"Peter Jennings, Palestinian sympathizer first, journalist second?" is how the conservative Media Research Center (MRC) put it in its CyberAlert of Dec. 4. "Israel," the alert went on, "was the victim of a murderous terrorist attack by a terrorist group, Hamas, which claimed credit.
More looniness to report this week from our friends on the left, who since Sept. 11 have put to rest the notion that their habitual opposition to virtually any U.S. military action would dissipate the moment the country came under actual attack from a foreign enemy.
It's been raining rumor and myth since the September 11 terrorist attacks on the United States. And though most of the so-called urban legends that now abound on the Internet and even make an appearance or two in mainstream news outlets are easily dispelled by their very outlandishness, there are some that just won't go away.
Phil Donahue, the godfather of trashy daytime TV talk, has taken himself out of mothballs, seemingly determined to remind persons of discriminating taste exactly why they were so overjoyed to see him go into retirement in the first place.
It was too good to last. The news media, which by and large performed admirably for about a month after the events of Sept. 11, are showing clear signs of reverting to old habits. The sour cynicism directed at American officials, the credulous reporting of enemy claims, the shallowness and sensationalism that once were the province of cheesy local stations but have long since become a staple of the network news departments - all of these are slowly coming out of hiding and reasserting themselves as the driving forces of American journalism.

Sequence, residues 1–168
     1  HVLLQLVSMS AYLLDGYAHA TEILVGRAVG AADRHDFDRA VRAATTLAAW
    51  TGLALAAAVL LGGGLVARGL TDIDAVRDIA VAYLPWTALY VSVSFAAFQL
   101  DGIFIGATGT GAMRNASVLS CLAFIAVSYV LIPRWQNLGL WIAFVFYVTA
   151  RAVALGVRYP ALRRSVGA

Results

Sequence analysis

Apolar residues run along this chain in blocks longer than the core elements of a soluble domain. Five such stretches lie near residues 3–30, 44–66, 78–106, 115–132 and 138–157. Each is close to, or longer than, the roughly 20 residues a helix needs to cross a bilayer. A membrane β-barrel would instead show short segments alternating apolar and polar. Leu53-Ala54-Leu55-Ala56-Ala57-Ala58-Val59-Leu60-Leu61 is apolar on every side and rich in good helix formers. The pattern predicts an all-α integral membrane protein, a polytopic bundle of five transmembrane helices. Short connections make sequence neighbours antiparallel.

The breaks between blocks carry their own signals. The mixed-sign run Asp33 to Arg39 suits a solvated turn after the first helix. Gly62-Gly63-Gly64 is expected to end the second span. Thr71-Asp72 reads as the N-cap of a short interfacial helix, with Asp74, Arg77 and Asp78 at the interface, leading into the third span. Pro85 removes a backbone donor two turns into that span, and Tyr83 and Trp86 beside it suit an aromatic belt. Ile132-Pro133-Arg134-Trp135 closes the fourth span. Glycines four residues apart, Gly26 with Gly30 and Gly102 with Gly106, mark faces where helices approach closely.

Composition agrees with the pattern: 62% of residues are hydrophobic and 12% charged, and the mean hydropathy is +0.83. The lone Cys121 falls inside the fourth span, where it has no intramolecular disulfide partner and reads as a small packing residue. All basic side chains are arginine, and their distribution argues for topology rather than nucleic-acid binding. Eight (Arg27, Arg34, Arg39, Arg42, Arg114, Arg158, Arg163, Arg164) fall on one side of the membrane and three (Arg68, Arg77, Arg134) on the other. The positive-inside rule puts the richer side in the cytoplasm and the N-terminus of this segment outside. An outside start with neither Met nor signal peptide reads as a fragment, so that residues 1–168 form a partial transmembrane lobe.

Onward with the best (or worst, if you will) of what those on the left are saying in the aftermath of Sept. 11. We'll start off the week with Studs Terkel, whose popular oral histories (Working, etc.) lead many to mistakenly label him a writer when in fact he's nothing more than an energetic tape recordist, to use the memorable term coined for him by Chicago Sun-Times columnist Steve Neal.